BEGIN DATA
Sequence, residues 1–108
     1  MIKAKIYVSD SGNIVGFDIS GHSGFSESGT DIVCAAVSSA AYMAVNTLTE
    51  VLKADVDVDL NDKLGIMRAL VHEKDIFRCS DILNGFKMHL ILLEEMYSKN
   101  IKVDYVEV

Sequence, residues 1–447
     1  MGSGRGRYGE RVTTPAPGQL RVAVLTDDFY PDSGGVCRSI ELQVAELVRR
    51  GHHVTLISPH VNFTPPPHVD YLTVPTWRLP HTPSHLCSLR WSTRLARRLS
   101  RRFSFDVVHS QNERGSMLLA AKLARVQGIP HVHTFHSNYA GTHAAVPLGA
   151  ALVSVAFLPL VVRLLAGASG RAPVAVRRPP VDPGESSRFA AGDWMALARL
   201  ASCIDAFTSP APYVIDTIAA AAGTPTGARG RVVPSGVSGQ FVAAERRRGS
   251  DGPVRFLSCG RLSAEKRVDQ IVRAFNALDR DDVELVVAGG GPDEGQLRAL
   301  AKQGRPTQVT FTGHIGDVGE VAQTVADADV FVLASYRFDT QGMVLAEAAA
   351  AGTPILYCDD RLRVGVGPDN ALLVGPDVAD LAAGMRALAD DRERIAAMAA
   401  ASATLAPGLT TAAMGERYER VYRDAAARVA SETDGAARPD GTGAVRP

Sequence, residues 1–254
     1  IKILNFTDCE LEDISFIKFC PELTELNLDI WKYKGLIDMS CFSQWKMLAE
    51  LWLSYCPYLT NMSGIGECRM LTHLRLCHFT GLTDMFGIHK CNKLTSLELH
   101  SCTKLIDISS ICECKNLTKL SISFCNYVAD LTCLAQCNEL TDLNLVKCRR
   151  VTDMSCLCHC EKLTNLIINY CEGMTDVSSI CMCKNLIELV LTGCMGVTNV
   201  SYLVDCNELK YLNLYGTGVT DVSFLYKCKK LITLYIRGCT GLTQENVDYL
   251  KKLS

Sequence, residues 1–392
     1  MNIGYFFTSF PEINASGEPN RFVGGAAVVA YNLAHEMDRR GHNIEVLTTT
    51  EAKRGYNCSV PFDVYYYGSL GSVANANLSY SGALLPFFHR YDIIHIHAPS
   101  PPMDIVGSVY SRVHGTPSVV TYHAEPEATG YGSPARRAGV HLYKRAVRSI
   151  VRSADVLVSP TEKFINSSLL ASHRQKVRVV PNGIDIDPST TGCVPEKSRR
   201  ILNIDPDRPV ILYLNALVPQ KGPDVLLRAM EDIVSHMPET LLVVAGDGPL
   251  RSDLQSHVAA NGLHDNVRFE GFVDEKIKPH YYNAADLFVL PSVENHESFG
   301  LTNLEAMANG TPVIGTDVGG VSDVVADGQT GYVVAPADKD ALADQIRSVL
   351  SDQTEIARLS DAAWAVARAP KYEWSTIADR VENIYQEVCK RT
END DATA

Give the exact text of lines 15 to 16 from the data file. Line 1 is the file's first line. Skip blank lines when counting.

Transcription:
Sequence, residues 1–254
     1  IKILNFTDCE LEDISFIKFC PELTELNLDI WKYKGLIDMS CFSQWKMLAE